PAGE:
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Extend Devon Ave Bus To Edgebrook, Aldermen Say

By Alex Nitkin | August 17, 2017 6:47am
 Currently, the No. 155 Devon Avenue bus only reaches as far west as Kedzie Avenue.
Currently, the No. 155 Devon Avenue bus only reaches as far west as Kedzie Avenue.
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DNAinfo/Alisa Hauser

CHICAGO — A three-mile extension to the No. 155 Devon Avenue bus would extend service to the Edgebrook Metra station at Caldwell Avenue under a plan proposed by three North Side aldermen.

The extended route would "serve a sizable, underserved, disproportionately elderly population" and "improve connectivity with existing transit lines," according to a letter signed by Ald. Margaret Laurino (39th), Ald. Anthony Napolitano (41st) and Ald. Debra Silverstein (50th).

The letter was addressed to officials at the Pace suburban bus agency, who are working with the CTA on a sweeping plan to overhaul service on the Far North Side and northern suburbs.

Pace is still finalizing its plan for the North Shore bus network, with a preliminary proposal due to be published by late September,spokeswoman Maggie Daly Skogsbakken said.

The extended bus line would link up with the No. 82 Kimball-Homan line to the east, the No. 84 Peterson Avenue line to the west, and a soon-to-be extended Pulaski Road line in between. [39th Ward]

Extending the Devon bus would give nearly 10,000 more people direct access to the No. 82 Kimball-Homan bus line to the east, and the No. 84 Peterson Avenue line to the west, the alderman wrote. It would also be a "major feeder" into an extended Pulaski Road bus line, another proposal being considered by regional transit planners.

The aldermen wrote that "traffic is relatively smooth" on Devon, a four-lane thoroughfare bisected by a median along most of the route. The patchwork of streets converging on Edgebrook Crossing would give the bus ample opportunity to turn around at the end of its route, they added.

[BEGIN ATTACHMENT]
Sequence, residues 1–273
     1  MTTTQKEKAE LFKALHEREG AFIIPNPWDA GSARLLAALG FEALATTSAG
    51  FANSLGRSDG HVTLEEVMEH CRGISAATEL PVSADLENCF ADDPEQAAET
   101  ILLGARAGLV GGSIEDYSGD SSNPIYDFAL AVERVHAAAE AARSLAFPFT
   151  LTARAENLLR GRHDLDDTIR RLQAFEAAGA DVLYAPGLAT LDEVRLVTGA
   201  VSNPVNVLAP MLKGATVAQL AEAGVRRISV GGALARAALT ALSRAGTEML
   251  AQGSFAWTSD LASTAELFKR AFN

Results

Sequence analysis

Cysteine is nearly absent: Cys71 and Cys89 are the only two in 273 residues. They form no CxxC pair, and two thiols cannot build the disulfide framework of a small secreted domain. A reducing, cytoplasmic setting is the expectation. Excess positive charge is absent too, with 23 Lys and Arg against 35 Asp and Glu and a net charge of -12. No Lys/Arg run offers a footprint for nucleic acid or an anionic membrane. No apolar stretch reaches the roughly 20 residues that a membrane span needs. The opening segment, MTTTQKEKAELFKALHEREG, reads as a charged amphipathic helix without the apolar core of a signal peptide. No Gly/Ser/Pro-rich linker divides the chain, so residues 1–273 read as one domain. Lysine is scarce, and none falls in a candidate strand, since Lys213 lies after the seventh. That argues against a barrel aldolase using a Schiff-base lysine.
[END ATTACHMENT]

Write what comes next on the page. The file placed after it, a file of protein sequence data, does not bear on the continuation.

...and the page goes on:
The "core market area" for the Devon line extension, encompassing anyone living within a quarter-mile of the route, is expected to grow in population during the next 20 years, they wrote.

The extended line would give thousands of residents in North Park, Sauganash and Edgebrook direct access to the "Little India" business corridor in West Ridge, officials said. [DNAinfo/Linze Rice]

"Currently, no one in the core market area lives within a quarter mile of an east-west bus line," the letter reads. "Some people in that area ... currently have to walk three quarters of a mile to the nearest east-west bus line."

About 25 percent of that population is 65 or older, according to census data cited by the aldermen.

Sending a CTA bus through North Park, Sauganash and Edgebrook would put those seniors within easy reach of both the ("Little India") business corridor in West Ridge and the Westfield Old Orchard Mall in suburban Skokie, officials added.

Representatives of the CTA did not immediately respond to a request for comment Wednesday.